Accessing NK materials in the Lenin Library

0. Before getting started

The Russian State Library (Rossiskaya gosudarstvennaya biblioteka), or the Lenin Library, is one of the key institutions where quality North Korean materials are held. Together with South Korean archives/libraries (National Library of Korea, National Institute of Korean History, National Archives of Korea, University of North Korean Studies, Seoul National University Library, etc.) and their US equivalents (NARA II, Asian Division, Library of Congress, University libraries, etc.), the Lenin Library would surely serve NK researchers as well as those interested in NK studies with primary and secondary sources.

So far NIKH has partially acquired NK materials from the Lenin Library and uploaded an online catalogue of the collected sources. This catalouge is recommendable to Korea-based NK researchers. Yet there is no doubt that the NK materials, especially serials, obtained by NIKH are either missing or incomplete. Therefore, it is imperative for scholars to visit the Lenin Library in order to use the complete set of sources.

Now I turn to how to access NK materials in the Lenin Library.
(I have not requested or used micro films in the library. If you have any experience with these sources, please share with me your knowledge on using them.)


1. Some fundamental info

The Lenin Library Web Page Russian/English

If you are uncomfortable with Russian, use Yandex Translate to assist in translating the above web page.

Other than micro films, all sorts of NK materials are stored in the Center for Eastern Literature (Tsentr vostochnoi literatury). This center is truly valuable for researchers in that it has not only both South and North Korean materials but also Asian and African language sources (see the picture below).

Address: Moskva, ul. Mokhovaya, d. 6 (Москва, ул. Моховая, д. 6, 2gis map)

Reading room hours: Mon-Sat 09:00-20:00 (As of 03 Aug 2018)



2. Making a reader card

Get to Moscow and go to the Lenin Library.


Your priority here would be to make a reader card (chitatel’skii bilet). Make sure to bring your passport which contains your visa and go to the entrance no.2 (it’s located between the Dostoevsky statue and the banner with mustached man in the above picture).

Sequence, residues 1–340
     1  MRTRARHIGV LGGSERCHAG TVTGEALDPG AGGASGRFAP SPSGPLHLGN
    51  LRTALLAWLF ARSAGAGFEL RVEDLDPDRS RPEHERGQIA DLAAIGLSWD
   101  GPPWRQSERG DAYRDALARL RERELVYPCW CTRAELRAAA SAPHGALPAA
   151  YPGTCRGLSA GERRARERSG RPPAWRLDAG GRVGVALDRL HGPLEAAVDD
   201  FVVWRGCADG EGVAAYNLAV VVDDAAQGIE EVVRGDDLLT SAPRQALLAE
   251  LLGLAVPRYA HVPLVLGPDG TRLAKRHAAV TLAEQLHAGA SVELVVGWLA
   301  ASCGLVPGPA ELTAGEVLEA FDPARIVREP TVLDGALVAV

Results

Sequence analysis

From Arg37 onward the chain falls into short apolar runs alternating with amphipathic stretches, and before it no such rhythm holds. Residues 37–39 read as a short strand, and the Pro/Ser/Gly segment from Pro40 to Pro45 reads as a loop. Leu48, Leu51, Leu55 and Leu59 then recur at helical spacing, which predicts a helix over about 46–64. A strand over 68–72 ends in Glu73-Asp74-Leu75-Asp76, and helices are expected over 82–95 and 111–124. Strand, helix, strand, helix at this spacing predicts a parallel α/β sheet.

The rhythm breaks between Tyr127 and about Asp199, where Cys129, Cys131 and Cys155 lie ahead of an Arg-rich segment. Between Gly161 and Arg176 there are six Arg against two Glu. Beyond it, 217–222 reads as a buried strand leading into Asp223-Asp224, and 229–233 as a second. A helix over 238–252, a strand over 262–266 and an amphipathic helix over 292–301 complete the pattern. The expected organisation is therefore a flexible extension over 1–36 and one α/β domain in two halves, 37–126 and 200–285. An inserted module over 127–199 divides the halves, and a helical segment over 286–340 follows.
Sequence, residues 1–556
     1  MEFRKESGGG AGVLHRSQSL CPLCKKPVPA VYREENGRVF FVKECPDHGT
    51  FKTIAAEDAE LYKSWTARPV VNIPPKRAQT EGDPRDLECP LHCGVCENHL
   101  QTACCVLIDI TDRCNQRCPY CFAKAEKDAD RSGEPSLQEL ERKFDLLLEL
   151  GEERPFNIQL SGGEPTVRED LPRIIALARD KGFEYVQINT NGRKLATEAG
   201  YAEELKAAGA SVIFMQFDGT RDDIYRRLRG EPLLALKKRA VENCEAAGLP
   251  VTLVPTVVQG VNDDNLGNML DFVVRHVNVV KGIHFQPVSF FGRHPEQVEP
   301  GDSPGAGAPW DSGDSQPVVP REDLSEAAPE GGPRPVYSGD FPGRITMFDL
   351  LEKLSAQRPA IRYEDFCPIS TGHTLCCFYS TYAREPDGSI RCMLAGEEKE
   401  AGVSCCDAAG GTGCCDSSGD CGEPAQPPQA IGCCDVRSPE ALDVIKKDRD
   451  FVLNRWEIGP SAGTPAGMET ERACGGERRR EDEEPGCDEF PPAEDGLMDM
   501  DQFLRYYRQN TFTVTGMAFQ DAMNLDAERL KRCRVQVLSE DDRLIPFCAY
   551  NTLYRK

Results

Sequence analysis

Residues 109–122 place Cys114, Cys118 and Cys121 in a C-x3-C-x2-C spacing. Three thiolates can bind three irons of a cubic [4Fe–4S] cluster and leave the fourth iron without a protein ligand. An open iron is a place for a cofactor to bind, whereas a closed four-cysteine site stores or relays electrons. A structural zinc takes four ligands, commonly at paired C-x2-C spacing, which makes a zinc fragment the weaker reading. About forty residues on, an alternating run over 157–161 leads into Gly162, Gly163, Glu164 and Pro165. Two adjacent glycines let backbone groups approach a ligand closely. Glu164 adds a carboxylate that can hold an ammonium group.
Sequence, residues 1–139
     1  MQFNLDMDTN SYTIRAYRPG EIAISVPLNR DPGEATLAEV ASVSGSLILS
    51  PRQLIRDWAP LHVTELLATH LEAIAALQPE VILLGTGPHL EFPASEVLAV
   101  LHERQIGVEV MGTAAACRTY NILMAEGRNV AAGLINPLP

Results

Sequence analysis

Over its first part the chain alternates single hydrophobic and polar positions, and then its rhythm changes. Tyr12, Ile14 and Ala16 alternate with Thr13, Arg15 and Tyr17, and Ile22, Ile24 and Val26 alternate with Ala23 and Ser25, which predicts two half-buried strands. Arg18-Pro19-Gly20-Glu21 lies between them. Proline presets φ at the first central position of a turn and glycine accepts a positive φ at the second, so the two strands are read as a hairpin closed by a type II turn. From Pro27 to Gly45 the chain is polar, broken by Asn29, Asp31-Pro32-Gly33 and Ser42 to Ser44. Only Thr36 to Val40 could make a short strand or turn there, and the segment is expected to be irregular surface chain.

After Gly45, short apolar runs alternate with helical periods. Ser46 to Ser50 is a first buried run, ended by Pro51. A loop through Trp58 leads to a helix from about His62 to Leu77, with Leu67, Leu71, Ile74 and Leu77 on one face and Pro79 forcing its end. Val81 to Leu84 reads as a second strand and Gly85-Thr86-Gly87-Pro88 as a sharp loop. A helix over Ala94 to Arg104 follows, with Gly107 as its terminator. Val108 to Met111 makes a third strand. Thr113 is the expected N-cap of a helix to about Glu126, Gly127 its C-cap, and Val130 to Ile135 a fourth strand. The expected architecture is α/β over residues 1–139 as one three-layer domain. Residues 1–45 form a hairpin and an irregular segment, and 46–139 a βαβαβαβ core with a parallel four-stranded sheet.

You can see the plaque on the left side of the door which says ‘запись читателей.’ It means you can register yourself as a reader in this building. Go inside without fear.

You will see the check point and a guard gazing at you as you enter the door. The guard will ask you your reason for coming as well as what you intend to do at the library. It is fine to just say you came to register. The guard will explain the process to you. He will probably say something along the lines of the following three-points:

a. Go to the table (on the right side from where you entered) and fill out a registration card (Kartochka registratsii chitatelya RGBin Russian.

b. Get a waiting ticket from the standing machine and enter the section accordingly.

c. Once in the section, present your passport to the staff and write your surname in Russian.


The staff in the section will probably have a good command of English, so may the force be with you.

Once you present the documents, the staff will take your photo. This photo will be printed on your reader card, which will be effective for next five years. After retrieving your reader card, say thanks to the staffs (including guards) and get out.


Your Russified name would look charming, hopefully.


3. The Center for Eastern Literature (CEL)

CEL is waiting for you. Refer to the following address again.

Address: Moskva, ul. Mokhovaya, d. 6 (Москва, ул. Моховая, д. 6, 2gis map)


You can go along the street (left side on the picture) and the door appears in just a few minutes. You can also refer to the Google picture taken in 2016.

Again, you will encounter another check point as well as guards. Now is the time to present your invincible reader card. Sometimes you are supposed to store your personal belongings in the gallery. Do it and take only your necessary equipment (cell phone, charger, battery, iPad and what not) with you. Go to the general office (kafedra) on the right side of where you entered.


There are innumerable drawers. They are catalogues. Go in to the first door.


The plaque says that the office deals with orders, issuances, returns and publishing. For the sake of convenience, I call it the general office.